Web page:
We've all heard the story before. A brand new, very popular device rolls out to the public and everybody hurries to get their hands on it. Shortly thereafter, people start to notice some of the more serious issues that degrade the experience or even make the gadget unusable. When that device is a phone and one of those issues is audio quality during calls and recordings, people can become justifiably angry.
Do you live your life to the fullest? Do you wish you could remember every day of it? Are you doing the opposite, wasting your life away and wishing you could turn things around? Thanks to the wonders of modern technology, you can do all of these things! 1 Second Everyday is a video-recording app that asks users to record just one second of their life everyday, and at the end of the year they will have a six-minute video of how they lived their life that year.
SoundCloud may not be the most famous app around, but when it comes to sharing a simple audio clip or a song, it's hard to beat. Now, the company's mobile app is getting an overhaul and with it comes a shiny new interface that doesn't suck. The UI upgrade makes use of the action bar, side navigation panel, notification controls and all the other fancy new features that we've grown used to since Ice Cream Sandwich and beyond.
So, Songify - have you heard about it? It's pretty popular on iOS, something 9 million people love it (or so I've heard). Basically it's autotune, but more fun. What's more fun than autotune, you ask? Autotune plus music, that's what.
It's pretty simple: you speak into the app, and it autotunes your voice, puts it to music, and randomly loops it. The end result is actually quite a bit more humorous than I expected.
Paper Camera, a crowd favorite for novelty photo shoots, is preparing for an update that will bring video recording and Android Beam support, along with a few other tweaks. We got the chance to go behind the scenes and give you, our lovely, smart, beautiful readers a preview of the new features.
The folks at JFDP Labs are still testing out video recording, but so far they've got support for the Galaxy Nexus, Galaxy S2, Galaxy Note, and Droid 3.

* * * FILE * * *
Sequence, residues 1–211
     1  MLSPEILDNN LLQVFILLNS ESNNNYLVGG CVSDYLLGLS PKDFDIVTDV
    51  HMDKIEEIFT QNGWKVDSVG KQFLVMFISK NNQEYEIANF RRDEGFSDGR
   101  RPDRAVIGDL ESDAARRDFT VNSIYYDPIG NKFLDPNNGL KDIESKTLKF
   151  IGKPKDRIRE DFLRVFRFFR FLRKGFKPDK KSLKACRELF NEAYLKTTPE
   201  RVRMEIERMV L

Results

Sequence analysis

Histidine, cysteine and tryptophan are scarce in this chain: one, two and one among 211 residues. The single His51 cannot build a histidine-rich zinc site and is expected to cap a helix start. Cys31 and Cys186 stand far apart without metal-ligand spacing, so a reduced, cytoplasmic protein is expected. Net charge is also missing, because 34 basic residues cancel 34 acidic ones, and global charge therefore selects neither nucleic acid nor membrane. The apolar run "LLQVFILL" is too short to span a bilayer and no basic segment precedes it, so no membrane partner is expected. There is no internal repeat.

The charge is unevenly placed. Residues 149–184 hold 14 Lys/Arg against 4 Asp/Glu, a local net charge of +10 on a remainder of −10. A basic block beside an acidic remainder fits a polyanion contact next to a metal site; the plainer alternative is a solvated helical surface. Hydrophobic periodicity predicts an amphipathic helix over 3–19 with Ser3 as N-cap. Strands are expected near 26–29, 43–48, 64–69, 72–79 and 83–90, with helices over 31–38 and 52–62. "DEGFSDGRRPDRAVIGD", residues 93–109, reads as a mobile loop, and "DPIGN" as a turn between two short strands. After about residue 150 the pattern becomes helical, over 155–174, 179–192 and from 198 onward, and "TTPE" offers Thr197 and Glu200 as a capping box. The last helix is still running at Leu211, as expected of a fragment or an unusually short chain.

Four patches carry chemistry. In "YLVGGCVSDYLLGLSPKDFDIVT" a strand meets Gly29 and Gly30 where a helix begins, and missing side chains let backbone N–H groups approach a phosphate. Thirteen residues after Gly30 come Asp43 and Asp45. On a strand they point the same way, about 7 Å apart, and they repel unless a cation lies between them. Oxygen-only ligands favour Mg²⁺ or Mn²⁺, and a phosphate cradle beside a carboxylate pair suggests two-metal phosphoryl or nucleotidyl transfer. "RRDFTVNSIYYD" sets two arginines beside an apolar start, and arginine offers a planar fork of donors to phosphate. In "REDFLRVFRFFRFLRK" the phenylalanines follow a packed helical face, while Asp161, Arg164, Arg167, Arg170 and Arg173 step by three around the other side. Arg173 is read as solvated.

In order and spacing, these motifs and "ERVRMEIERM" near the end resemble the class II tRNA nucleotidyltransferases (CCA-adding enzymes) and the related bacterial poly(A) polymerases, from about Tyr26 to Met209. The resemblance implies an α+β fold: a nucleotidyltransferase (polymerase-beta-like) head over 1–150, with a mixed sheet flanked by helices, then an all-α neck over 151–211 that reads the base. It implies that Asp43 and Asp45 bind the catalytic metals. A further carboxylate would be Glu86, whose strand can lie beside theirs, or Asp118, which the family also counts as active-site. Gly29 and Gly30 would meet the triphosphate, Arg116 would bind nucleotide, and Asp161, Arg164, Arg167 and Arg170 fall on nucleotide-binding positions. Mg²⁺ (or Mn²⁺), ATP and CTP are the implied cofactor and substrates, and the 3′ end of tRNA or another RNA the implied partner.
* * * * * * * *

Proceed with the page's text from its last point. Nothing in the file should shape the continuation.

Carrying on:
Popular screen recording app, Screencast, has just received an update with some pretty sweet additions. Those of us who use this powerful app know how awesome it already is, but it just got better with a new time lapse recording feature. I'm sure some users have been waiting for this for some time now, and it sure is welcomed. It'll definitely add a whole new element to app and game demos.
While I was tapping away on my laptop trying to keep up with the Ice Cream Sandwich event earlier today, the desktop machine was happily recording it for future reference. This should hold us over until Google posts the official HD version - the video is about 1 hours long, but almost every minute of it is totally worth it (at least once you get to the juicy ICS bits):
Update: The official HD video has now been posted:
Today Screencast added a new weapon to its arsenal: audio recording. You can now record and narrate right from your phone. They've also made the recording 25% faster, so you can do all that and still have a decently smooth video to show off.
For those who don't know, Screencast allows rooted users to capture shockingly good video of their on-screen antics - definitely check out our review if you haven't heard about it.
Not much was known for a fact about the next crown jewel in the Droid line of Android phones that played a such a crucial part in the growth of the OS in the past 2 years. We had a suspicion that it would have a 4" screen, lose "the lip," and gain a dual-core CPU and a front-facing camera, all while bearing the name Droid 3, but no concrete proof of any of those.
The Samsung Nexus S has already shown off its camera once, but up until now, we haven't seen what that 5MP shooter's capable of when it comes to video recording. Well the wait is over, as a (portrait) video shot by none other than the GT-i9020 has hit YouTube:
The quality is more or less what we've come to expect from 720p video taken by a cameraphone, though it certainly won't blow any minds.